Known as the “voice of books” on NPR, Alan Cheuse is the author of five novels and four collections of short fiction, most recently An Authentic Captain Marvel Ring (Santa Fe Writers Project, April). BookTrib had the opportunity to talk to Cheuse about his writing process, the power of short stories, and, of course, his book recommendations.
How do you separate the job of talking about books from your own writing?
I understand that what we call normal people, or “civilians,” work all day doing things that don’t allow them the pleasure of reading, so in the evenings they want to curl up with a good book. But that’s when I’m turning my movies on.
As I see it, my main labor is my writing. So that’s what I do every morning. I divide the day up depending on what kind of deadlines I’m working on. In the evenings, I read and watch movies. I understand that what we call normal people, or “civilians,” work all day doing things that don’t allow them the pleasure of reading, so in the evenings they want to curl up with a good book. But that’s when I’m turning my movies on. It’s a bizarre life. It’s the inverse of an ordinary person’s day and night. But I do put my imaginative writing into my own fiction.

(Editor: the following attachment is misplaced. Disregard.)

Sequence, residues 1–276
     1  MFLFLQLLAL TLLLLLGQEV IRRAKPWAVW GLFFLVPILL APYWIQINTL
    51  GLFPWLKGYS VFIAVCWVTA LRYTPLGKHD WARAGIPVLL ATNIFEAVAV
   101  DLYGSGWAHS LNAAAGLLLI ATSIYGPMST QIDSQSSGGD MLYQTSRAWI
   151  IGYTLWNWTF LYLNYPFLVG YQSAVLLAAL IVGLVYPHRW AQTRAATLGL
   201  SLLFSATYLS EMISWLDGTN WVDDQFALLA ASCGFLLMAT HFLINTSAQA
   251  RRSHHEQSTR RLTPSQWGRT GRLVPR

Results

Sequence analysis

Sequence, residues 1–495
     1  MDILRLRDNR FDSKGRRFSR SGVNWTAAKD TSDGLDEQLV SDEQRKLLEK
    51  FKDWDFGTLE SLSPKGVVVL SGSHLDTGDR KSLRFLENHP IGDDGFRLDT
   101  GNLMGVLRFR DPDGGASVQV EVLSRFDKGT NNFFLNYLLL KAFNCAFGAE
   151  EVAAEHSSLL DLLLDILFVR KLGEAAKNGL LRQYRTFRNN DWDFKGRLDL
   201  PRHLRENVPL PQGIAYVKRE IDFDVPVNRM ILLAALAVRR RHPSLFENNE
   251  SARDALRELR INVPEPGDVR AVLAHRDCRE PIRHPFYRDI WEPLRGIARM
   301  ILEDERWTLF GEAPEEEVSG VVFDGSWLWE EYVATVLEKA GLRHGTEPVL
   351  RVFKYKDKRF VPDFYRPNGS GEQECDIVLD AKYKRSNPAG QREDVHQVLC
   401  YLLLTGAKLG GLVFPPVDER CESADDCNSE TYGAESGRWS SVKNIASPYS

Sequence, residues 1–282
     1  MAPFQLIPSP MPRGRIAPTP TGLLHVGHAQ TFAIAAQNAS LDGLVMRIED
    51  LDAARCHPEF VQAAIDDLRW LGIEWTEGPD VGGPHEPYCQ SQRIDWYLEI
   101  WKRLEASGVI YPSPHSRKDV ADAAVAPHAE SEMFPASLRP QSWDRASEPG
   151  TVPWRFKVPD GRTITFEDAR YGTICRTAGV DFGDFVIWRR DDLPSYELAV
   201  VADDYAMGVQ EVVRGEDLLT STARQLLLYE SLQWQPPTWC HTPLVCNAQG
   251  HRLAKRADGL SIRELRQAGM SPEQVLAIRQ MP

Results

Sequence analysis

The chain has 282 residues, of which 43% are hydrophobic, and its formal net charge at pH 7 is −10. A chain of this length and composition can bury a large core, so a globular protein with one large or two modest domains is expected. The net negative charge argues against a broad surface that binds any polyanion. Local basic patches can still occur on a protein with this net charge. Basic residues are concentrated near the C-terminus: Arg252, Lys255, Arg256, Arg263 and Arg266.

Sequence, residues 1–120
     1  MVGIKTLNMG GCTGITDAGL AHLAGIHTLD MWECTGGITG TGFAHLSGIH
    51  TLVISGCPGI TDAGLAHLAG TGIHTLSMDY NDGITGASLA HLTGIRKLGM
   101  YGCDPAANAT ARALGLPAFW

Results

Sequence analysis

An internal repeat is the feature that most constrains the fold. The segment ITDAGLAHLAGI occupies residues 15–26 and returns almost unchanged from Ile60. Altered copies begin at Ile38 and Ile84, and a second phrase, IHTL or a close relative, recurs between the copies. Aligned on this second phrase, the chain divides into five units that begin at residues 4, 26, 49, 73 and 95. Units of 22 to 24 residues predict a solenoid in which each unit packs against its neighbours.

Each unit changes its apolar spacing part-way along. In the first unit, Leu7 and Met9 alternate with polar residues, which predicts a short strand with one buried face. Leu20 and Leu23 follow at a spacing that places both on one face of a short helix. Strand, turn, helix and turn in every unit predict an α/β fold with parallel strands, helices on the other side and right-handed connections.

Do you write every day?
Yes, I do. I get up, not horribly early, do my meditation and then my yoga. I eat breakfast and take a walk around the neighborhood. Then it’s back to write. So I usually start writing, depending on the day and the season, somewhere between 8:00 and 8:30 every day.
Do you write by hand or on the computer?
I use a PC. I started out on the typewriter when I worked in various extremes of the newspaper business and I used one when I first started writing. Typing is something I do naturally. I don’t take handwriting seriously. I know writers who write by hand. The most extreme handwriting case I know is my dear old mentor Bernard Malamud. He would compose in handwriting and type up what he wrote by hand. He would make corrections on the typed version and then copy it over in handwriting. He considered that his first draft. That’s what he did for all of his stories and novels, so you can imagine the labor involved.
When you’re in the midst of project, do you avoid reading fiction with a similar bent to what you’re writing?
I really love spy novels and thrillers. That’s what I tend to read at night. I hope when I say this that it doesn’t sound too egotistical—I write like myself and I don’t write like other people. I think fiction writers write what they do because no one else has written it and they want to read it. So there’s that distinction between what you’re reading and what you’re writing. Some years back, I wrote a novel about Edward Curtis, the photographer of the American Indian, so I’d probably say then that I didn’t want to read a novel about Curtis. There were lots of books I read for research but I wouldn’t read a fictionalized version of his life while I was writing one.